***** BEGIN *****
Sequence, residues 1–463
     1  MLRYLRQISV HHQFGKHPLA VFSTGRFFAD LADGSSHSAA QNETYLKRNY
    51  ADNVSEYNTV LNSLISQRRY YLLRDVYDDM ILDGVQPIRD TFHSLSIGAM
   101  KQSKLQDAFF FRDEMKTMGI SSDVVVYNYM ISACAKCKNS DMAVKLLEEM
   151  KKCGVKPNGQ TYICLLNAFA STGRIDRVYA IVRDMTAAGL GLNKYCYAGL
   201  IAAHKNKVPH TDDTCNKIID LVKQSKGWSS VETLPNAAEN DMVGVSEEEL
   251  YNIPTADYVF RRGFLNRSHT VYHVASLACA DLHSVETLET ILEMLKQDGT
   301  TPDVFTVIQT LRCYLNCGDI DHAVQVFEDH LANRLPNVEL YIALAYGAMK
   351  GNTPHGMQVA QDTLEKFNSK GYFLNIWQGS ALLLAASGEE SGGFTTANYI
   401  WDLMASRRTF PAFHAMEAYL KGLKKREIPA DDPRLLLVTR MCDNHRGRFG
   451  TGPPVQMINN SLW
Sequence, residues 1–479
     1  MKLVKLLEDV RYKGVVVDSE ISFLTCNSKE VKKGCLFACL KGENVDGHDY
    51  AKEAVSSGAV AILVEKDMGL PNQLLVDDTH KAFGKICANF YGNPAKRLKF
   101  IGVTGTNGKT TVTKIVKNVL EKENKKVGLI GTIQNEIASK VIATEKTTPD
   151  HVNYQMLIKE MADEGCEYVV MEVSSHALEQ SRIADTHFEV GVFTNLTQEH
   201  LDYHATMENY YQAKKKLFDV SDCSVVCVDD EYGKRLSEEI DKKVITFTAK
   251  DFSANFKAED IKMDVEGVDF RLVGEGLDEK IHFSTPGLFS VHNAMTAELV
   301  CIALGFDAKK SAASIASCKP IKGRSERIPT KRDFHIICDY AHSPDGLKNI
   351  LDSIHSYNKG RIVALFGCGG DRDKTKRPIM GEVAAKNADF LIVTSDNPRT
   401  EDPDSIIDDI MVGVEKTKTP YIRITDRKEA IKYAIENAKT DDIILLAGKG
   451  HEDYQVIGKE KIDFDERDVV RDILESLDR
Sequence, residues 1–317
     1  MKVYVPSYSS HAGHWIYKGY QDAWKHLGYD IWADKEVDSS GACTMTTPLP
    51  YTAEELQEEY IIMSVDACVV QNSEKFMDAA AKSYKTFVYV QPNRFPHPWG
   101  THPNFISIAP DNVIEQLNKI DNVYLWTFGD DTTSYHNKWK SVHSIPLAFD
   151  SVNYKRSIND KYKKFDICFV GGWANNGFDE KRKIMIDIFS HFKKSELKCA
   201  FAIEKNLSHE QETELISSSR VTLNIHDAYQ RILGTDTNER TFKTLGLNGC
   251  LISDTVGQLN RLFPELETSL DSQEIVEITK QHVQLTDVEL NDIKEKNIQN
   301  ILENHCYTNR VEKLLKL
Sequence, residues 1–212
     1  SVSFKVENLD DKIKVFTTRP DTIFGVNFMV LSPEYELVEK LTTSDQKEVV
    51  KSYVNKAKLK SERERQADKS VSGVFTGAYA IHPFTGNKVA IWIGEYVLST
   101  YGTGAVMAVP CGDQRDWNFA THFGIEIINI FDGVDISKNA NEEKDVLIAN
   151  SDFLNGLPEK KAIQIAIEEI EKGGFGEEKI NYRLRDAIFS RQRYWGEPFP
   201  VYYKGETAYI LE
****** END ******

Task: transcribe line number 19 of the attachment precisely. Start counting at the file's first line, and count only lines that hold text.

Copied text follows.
   301  CIALGFDAKK SAASIASCKP IKGRSERIPT KRDFHIICDY AHSPDGLKNI